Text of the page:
“In the end, I think the relationships that survive in this world are the ones where two people can finish each other’s sentences. Forget drama and torrid sex and the clash of opposites. Give me banter any day of the week.”
“I know that the night is not the same as the day: that all things are different, that the things of the night cannot be explained in the day, because they do not then exist, and the night can be a dreadful time for lonely people once their loneliness has started. But with Catherine there was almost no difference in the night except that it was an even better time.”
There are very few friends that will lay down with you on empty streets in the middle of the night, without a word. No questions, no asking why, just quietly lie there with you, observing the stars, until you’re ready to get back up on your feet again and walk the last bit home, softly holding your hand as a quiet way of saying “I’m here”.
It was a beautiful night.
“but these words people threw around - humans, monsters, heroes, villains — to victor it was all just a matter of semantics. someone could call themselves a hero and still walk around killing dozens. someone else could be labeled a villain for trying to stop them. plenty of humans were monstrous, and plenty of monsters knew how to play at being human.”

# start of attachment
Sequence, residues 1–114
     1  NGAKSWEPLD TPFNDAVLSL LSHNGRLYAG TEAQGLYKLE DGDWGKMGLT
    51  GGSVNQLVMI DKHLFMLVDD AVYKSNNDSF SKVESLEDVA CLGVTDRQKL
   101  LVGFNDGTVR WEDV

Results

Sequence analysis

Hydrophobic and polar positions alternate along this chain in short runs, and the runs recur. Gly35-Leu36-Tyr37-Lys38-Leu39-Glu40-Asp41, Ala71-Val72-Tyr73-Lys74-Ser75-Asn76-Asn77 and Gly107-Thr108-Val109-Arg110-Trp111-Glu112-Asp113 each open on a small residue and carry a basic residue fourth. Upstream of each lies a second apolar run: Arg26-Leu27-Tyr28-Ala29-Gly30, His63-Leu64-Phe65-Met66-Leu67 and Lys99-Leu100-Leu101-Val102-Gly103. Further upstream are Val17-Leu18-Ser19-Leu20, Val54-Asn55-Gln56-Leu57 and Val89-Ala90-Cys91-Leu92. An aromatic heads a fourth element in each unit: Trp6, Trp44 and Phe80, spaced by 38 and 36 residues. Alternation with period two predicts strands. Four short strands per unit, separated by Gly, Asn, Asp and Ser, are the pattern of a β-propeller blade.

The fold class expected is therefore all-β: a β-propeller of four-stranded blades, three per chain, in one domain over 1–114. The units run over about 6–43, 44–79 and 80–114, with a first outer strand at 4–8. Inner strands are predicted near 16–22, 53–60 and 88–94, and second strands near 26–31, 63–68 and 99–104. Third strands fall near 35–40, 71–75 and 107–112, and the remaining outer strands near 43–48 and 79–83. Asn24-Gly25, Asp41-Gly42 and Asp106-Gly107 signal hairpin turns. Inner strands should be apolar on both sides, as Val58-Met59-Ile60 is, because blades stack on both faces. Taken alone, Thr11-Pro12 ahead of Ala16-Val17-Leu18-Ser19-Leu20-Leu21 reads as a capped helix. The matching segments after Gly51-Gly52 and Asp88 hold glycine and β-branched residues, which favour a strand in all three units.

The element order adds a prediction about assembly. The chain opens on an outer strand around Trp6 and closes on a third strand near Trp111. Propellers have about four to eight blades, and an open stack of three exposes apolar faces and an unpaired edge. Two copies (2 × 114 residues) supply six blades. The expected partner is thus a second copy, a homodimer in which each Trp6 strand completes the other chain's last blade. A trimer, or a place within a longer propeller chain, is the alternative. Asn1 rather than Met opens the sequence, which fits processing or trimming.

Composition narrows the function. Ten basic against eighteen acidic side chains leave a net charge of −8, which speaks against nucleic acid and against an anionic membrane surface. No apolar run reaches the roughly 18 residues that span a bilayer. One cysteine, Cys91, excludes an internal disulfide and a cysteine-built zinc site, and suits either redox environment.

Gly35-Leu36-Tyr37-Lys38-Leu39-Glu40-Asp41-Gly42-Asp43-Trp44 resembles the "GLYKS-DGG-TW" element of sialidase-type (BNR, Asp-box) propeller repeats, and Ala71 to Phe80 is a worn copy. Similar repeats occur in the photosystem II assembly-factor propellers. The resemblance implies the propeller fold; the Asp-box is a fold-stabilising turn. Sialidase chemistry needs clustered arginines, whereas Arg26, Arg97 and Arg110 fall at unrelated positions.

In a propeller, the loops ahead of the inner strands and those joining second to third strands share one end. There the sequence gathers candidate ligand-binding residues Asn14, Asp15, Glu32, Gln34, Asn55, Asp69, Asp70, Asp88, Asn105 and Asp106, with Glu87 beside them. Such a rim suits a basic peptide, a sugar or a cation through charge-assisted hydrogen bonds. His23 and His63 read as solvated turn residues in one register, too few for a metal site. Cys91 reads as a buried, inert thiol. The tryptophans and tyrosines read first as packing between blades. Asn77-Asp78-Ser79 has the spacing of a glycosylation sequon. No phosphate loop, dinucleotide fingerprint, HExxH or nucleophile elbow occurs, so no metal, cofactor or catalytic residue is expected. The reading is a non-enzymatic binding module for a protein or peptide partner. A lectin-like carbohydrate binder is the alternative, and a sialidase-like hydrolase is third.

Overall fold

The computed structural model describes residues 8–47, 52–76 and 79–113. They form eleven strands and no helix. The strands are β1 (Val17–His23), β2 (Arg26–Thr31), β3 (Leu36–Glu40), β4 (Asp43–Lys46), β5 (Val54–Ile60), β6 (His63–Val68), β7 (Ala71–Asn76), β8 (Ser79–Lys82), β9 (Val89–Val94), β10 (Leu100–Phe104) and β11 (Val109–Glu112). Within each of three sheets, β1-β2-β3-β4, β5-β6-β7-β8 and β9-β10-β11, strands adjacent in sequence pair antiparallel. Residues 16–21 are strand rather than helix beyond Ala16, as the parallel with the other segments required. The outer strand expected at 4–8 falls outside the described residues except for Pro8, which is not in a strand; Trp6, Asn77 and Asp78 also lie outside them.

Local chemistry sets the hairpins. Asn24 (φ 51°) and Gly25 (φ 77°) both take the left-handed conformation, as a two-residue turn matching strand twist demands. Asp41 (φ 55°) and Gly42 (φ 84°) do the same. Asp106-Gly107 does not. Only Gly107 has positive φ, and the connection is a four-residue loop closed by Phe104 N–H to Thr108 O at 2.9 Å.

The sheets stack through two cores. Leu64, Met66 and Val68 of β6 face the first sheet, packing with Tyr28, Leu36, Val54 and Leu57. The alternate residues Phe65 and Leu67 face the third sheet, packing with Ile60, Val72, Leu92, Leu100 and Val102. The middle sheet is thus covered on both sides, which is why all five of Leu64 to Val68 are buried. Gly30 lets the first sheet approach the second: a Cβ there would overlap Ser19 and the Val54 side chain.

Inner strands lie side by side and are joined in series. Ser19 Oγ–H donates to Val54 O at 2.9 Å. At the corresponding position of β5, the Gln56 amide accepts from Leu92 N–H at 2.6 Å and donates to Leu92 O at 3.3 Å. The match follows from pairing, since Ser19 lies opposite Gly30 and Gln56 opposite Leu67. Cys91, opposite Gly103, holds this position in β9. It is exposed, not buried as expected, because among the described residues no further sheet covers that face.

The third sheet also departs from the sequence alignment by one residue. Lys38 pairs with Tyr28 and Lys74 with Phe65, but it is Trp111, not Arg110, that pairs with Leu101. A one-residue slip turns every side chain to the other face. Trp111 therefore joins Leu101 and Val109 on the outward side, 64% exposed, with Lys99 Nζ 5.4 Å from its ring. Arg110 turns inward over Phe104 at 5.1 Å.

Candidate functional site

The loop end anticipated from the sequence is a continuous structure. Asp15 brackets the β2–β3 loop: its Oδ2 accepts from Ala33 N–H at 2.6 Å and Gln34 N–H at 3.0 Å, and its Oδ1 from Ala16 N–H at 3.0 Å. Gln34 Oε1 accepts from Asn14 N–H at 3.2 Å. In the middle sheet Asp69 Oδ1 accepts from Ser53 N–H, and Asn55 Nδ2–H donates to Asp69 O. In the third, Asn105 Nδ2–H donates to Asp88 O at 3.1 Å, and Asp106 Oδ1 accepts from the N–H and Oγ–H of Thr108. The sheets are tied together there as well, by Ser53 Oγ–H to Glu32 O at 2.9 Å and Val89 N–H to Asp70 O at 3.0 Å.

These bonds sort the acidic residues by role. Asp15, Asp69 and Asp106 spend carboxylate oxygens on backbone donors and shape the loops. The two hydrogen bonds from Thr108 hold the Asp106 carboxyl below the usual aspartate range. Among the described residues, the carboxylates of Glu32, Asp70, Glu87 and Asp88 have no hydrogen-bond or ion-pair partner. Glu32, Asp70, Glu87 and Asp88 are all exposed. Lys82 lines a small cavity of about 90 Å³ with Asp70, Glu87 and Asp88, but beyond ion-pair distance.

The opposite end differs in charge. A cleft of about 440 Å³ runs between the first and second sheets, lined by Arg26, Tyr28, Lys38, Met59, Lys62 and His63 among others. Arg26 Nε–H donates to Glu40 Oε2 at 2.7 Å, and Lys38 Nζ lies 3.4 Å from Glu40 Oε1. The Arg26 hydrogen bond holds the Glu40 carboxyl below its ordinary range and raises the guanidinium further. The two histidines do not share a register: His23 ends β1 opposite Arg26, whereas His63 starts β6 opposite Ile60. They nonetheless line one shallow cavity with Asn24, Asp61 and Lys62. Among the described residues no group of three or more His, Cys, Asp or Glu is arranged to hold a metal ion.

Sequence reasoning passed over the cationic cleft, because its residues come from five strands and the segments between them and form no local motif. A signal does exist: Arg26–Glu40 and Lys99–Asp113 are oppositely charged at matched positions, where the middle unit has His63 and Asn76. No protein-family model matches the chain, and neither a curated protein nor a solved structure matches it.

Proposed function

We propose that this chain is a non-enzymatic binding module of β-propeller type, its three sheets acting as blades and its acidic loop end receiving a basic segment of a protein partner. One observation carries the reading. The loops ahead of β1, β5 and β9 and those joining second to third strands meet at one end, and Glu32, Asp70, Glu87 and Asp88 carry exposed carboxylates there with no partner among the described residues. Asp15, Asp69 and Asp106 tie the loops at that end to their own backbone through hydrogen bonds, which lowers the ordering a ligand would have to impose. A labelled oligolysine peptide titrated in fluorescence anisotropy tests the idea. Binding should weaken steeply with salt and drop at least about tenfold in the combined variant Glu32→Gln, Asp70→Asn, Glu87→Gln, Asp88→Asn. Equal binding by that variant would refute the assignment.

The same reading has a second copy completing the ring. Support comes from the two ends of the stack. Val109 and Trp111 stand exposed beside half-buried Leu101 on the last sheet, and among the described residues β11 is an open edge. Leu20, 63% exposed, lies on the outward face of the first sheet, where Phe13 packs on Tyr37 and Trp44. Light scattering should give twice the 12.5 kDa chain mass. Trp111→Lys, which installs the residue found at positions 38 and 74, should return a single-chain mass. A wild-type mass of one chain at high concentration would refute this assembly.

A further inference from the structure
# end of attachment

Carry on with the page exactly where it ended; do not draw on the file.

A book published in 1610 in Zurich - and recently found in Italy - includes a list of 100 Basque words translated to Latin.
The book, written by Kaspar Waser, is a version of a previous work of 1555, whose subject is minority languages. Besides these 100 Basque words, the author talks about the “indomitable Bascon people”.
Quoting Mintzoa Publishing - the current owners - spokeperson:
“The most significant thing about these 100 words is that we still use them all nowadays: gorputza [body], bihotza [heart], arreba [sister, of a male speaker], aita [father], astoa [donkey], andrea [woman]… If we speak about any other language like Spanish, the one spoken in 1610 isn’t the same that’s spoken now, but we see that Euskara is. We talk about a territory invaded one hundred years prior [to this book] and about a language spoken by very few people, supposedly, and however this Swiss philosopher, theologist, physicist, and writer was very interested. Out of the 130 languages featured in his book, almost all of them are reserved about a page and a half; Euskara, conversely, six. […]
“Even "tz” appears, when it was thought to have been created around 100 years ago to grammaticaly unify Euskara, and that before it, that sound was written “ç”. [This books proofs that] 410 years ago, it was written “tz"”.
“Basque wasn’t spoken by just 4 guys, and if it was, well, they made it to Switzerland.”
Well, it keeps turning out that our little 20th century-invented language isn’t that invented.